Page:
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Gone Fishin'

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Sunlight sparkled across the river’s surface, the gentle current tugging at Allen’s legs as he waded into the water wearing nothing but his underwear. He struggled to keep his footing against the slick, algae covered rocks on the river bed, holding his arms out for balance. Ten feet from shore, Alma and Lavi were already waist deep in water and conspiring together.

“Don’t let them pinch you,” Lavi warned, shifting his weight to keep the current from pushing him down river. “It’s not pleasant.”

Alma leaned down, trying to see into the water. “No, I don’t suppose it would be.” He tilted his head before looking back to Lavi. “How do I grab them?”

“By the tail, and don’t let go.”

The water was close to Allen’s chest by the time he joined them. He held the large wicker basket above his head, grabbing Lavi’s arm with his free hand to keep his balance. “Are we catching crayfish or are we just standing in the river for fun?” he asked, smirking up at the redhead.

Lavi grinned back. “Well, I did suggest we take a swim since it’s so hot today. But you’d rather work us all to death.”

“Technically, we are in the water,” Allen countered, elbowing him gently in the side.

“If we want to eat tonight, we’d better hurry,” Alma added, taking a step back to survey the bottom of the river again. “Lenalee is expecting us to bring something home. And who knows if Yuu will be able to catch any catfish.”

Allen spared a quick glance back at the riverbank. Kanda was down stream with a line in the water, quietly fishing. Their surly friend had refused to get into the water with them, and though Kanda had said it was because he didn’t want to get wet, Allen suspected he still wasn’t comfortable enough with the kitsune to leave his katana unattended on dry land. As silly as it was, he understood his trepidation. It had taken a few months for Allen to trust Lavi implicitly, and Kanda was not nearly as trusting as him.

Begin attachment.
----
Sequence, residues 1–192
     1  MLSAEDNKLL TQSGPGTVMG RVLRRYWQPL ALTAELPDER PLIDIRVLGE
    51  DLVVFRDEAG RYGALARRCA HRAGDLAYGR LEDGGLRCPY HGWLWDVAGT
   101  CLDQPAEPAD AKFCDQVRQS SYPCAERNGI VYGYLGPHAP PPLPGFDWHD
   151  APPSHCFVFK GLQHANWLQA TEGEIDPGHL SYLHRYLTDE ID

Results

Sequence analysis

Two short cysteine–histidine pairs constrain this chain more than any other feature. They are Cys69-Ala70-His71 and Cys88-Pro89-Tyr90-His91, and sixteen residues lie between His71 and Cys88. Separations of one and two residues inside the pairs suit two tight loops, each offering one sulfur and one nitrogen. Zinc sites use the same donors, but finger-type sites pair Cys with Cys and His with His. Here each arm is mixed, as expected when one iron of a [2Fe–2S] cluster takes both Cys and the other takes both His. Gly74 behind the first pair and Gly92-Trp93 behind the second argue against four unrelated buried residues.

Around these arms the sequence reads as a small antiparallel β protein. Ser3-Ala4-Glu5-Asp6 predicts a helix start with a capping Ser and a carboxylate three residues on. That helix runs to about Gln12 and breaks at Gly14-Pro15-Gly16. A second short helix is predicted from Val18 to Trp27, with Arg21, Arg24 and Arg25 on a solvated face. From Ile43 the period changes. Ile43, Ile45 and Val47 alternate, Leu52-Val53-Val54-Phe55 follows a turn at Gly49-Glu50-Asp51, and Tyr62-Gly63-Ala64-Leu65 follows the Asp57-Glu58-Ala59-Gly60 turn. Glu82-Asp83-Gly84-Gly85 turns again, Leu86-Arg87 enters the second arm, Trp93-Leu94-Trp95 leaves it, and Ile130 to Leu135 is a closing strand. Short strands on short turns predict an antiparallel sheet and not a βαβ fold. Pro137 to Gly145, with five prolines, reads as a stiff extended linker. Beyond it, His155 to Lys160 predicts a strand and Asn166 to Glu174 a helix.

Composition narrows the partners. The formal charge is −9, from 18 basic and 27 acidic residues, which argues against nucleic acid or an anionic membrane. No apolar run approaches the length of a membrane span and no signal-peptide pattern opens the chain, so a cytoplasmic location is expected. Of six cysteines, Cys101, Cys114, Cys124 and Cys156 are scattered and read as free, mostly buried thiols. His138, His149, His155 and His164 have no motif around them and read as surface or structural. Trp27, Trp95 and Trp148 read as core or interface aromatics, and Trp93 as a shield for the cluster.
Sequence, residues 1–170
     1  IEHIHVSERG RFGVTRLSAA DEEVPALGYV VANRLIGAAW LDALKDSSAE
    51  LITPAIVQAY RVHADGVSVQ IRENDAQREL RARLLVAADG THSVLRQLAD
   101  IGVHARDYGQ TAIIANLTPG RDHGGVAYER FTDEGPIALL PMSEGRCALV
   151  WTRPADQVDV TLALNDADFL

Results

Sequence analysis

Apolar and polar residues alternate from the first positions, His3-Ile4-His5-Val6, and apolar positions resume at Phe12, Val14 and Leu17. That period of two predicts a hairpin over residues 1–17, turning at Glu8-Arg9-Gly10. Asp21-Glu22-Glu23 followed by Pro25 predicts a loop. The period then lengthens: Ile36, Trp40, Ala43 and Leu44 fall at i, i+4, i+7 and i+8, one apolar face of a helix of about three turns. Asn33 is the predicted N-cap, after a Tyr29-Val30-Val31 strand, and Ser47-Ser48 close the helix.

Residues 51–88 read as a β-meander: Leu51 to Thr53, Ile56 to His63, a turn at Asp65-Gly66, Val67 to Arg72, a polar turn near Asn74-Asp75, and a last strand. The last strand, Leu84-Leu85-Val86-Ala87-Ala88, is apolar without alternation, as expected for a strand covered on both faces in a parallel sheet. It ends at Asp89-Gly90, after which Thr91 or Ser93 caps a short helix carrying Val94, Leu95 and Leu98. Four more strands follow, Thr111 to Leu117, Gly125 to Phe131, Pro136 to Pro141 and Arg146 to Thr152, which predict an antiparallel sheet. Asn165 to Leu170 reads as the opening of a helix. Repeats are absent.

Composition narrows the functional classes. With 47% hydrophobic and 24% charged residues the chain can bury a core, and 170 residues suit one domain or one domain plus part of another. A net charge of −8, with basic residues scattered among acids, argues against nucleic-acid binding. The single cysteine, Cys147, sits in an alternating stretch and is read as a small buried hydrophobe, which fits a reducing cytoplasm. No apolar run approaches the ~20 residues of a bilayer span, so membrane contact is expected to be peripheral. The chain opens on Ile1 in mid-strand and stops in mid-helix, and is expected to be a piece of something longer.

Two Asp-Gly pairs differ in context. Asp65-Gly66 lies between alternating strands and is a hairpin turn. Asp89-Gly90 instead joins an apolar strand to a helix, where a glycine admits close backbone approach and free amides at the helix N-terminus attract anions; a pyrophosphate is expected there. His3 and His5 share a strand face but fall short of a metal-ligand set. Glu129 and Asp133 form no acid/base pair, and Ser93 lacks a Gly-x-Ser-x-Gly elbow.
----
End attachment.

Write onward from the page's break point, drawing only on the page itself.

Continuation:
“I’m going in,” Alma said, dipping down under the water and searching the rocky riverbed. Allen watched him from the surface, his form obscured by the play of light over the rippling water. When he came up again a moment later, he gasped for air. “Ugh. It’s hard to see. I almost had one, but it got away.”

Lavi grinned and looked down into the water again. “Let me try.” He dipped under, reaching down as Alma had moments earlier. Allen and Alma watched with curiosity as he moved under the water without fumbling.

“He makes it look so easy,” Alma commented as he brushed back the wet hair from his face, keeping his bright blue eyes on Lavi.

Allen couldn’t help but smile. “You just need practice. That’s why we came out here, right?”

“That and Lenalee needed something for dinner tonight.”

Before Allen could reply, Lavi breached the water’s surface, two crayfish in hand. They squirmed in his fists, snapping their claws and wiggling their tails and antennae uselessly in the air.

“Got ‘em!” Lavi proclaimed loudly, red hair plastered to his face as he tossed the two crustaceans into the wicker basket Allen had at his hip.

Allen shook the basket to keep the little critters from trying to climb out. “Two down, three to go.”

“We need more than that, Al,” Lavi said, wiping at the water dripping off the tip of his nose. “I could eat a crayfish in one bite! If we’re gonna feed everyone, we need at least twenty.”

“I’ll be lucky to catch even one,” Alma replied, paling as he peered back down into the river.

“Don’t worry.” Allen patted Alma’s shoulder, a sympathetic look in his eyes. “You’ll get one. And besides, I’m sure Kanda will get a few fish as well. We’ll have enough food.”

Alma chuckled. “Your faith in our fishing abilities might be misplaced.”

“Either way, we won’t catch anything just standing around, right?” Lavi said, already eyeing another rocky crop of stones underwater. “Let’s get to it!”

As Lavi dove down to hunt again, Allen handed Alma the basket. “I’ll go this time.”

“Good luck,” Alma said, resting the basket against his hip. “And watch out for the claws!”

Allen shook his head before taking a deep breath and dipping underwater.




Kanda sighed, lips pulled down in a perpetual frown as he bandaged Alma’s index finger. “This is why I didn’t want to fish for crayfish.”